fathers rights attorney mark nacol

Texas’ Law for Mistaken Paternity: Texas SB785

We hear a lot about dead-beat dads, or parents who do not pay their child support obligations. Now it is time for “fathers” or men who have been paying child support for children who are not their biological children to assert their rights.

Texas passed a new Paternity law, Texas SB785, effective May 13, 2011, which permits men who have been ordered to pay child support, without genetic testing, to request genetic testing in order to determine whether they are the genetic parent of the child.

After September 1, 2012, a man must file a petition to determine genetic parentage no later than the first anniversary of the date on which he becomes aware of facts indicating that he is not the child’s genetic father.

In order to file for relief under this law, the man must have signed an acknowledgement of paternity or failed to contest paternity in the previous proceeding because of a mistaken belief that he was the child’s father based on misrepresentations that led him to that conclusion.

If the man knew he was not the father at the time he signed the acknowledgement of paternity or the previous court order, the new law does not apply.

If the genetic testing concludes that the man is not the child’s genetic father, the court shall render an order terminating the parent-child relationship and terminating the man’s obligation for future child support.

This order, however, does not affect the man’s obligations for child support or child support arrearages accrued before the date of the order. However, the accrued obligations are not enforceable by contempt proceedings.

Even if the parent-child relationship is terminated, the man may request the court to order period of possession or access to the child following the termination. The court may order periods of possession or access to the child only if the court determines that denial of possession or access would significantly impair the child’s physical health or emotional well-being. The law directs the court to focus on the child’s well-being, not on the man’s desire to continue seeing the child.

If you have been paying child support due to a mistaken belief that you were the father, the time to act is now. A man must file the petition to determine genetic parentage no later than the first anniversary of the date on which he becomes aware of facts indicating the he is not the child’s genetic father. Contact an attorney now!

By Nacol Law Firm | Paternity
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Rights and Duties of a Parent – Joint Managing Conservator in Texas

Rights and Duties of a Parent –  Joint Managing Conservator in Texas.
Waiver To the Guidelines is a Matter of Court Discretion

As a joint managing conservator of a child in a divorce proceeding in Texas, unless special circumstances arise justifying a variance from the Guidelines, the Court will normally order guideline code rights and duties and a parent will be awarded the following:

1.the right to receive information from any other conservator of the child concerning the health, education, and welfare of the child.

2.the right to confer with the other parent to the extent possible before making a decision concerning the health, education, and welfare of the child.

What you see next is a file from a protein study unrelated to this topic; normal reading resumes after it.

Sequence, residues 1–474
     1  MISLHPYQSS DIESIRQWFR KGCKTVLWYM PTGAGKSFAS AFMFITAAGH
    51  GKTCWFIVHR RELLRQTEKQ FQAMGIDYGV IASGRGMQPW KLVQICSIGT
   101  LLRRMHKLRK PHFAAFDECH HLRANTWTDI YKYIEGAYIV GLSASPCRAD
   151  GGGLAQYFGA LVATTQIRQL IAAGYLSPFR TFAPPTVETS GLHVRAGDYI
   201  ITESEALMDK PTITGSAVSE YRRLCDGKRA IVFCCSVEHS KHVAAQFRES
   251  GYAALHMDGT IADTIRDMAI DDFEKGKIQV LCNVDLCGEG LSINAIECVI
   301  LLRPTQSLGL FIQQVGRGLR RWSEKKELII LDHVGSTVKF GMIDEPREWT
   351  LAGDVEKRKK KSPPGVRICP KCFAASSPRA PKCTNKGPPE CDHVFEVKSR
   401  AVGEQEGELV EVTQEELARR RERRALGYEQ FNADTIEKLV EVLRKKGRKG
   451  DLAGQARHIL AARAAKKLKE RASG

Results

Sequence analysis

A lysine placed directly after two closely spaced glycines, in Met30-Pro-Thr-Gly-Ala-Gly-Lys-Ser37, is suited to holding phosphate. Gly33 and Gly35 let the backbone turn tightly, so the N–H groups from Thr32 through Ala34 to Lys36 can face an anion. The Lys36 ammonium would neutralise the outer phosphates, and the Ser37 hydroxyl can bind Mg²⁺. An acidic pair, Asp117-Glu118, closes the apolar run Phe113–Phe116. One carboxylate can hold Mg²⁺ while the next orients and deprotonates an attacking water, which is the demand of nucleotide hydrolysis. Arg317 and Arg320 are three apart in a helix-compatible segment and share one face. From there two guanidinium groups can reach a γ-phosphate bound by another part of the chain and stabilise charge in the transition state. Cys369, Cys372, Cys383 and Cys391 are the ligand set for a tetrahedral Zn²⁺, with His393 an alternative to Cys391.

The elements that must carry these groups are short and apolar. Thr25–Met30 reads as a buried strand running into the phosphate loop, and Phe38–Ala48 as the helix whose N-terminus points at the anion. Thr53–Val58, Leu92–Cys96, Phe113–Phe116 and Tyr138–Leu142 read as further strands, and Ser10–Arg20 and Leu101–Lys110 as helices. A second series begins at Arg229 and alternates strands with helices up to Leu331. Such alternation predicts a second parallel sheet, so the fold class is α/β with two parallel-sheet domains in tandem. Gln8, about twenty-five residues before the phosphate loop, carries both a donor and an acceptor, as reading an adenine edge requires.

3.the right of access to medical, dental, psychological, and educational records of the child.

4.the right to consult with a physician, dentist, or psychologist of the child.

5.the right to consult with school officials concerning the child’s welfare and educational status, including school activities.

6.the right to attend school activities.

7.the right to be designated on the child’s records as a person to be notified in case of an emergency.

8.the right to consent to medical, dental, and surgical treatment during an emergency involving an immediate danger to the health and safety of the child.

9.the right to manage the estate of the child to the extent the estate has been created by the parent/conservator or the parent/conservator’s family.

10.the duty to inform the other conservator of the child in a timely manner of significant information concerning the health, education, and welfare of the child; and

11.the duty to inform the other conservator of the child if the conservator resides with for at least thirty days, marries, or intends to marry a person who the conservator knows is registered as a sex offender under chapter 62 of the Code of Criminal Procedure or is currently charged with an offense for which on conviction the person would be required to register under that chapter.  IT IS ORDERED that this information shall be tendered in the form of a notice made as soon as practicable, but not later than the fortieth day after the date the conservator of the child begins to reside with the person or on the tenth day after the date the marriage occurs, as appropriate.  IT IS ORDERED that the notice must include a description of the offense that is the basis of the person’s requirement to register as a sex offender or of the offense with which the person is charged.  WARNING:  A CONSERVATOR COMMITS AN OFFENSE PUNISHABLE AS A CLASS C MISDEMEANOR IF THE CONSERVATOR FAILS TO PROVIDE THIS NOTICE.

12.the duty of care, control, protection, and reasonable discipline of the child.

13.the duty to support the child, including providing the child with clothing, food, shelter, and medical and dental care not involving an invasive procedure.

14.the right to consent for the child to medical and dental care not involving an invasive procedure.

15.the right to direct the moral and religious training of the child.

16.Only one parent shall have the exclusive right to designate the primary residence of child in a specific geographical area, which is commonly the county in which the child currently resides and the contiguous counties thereto.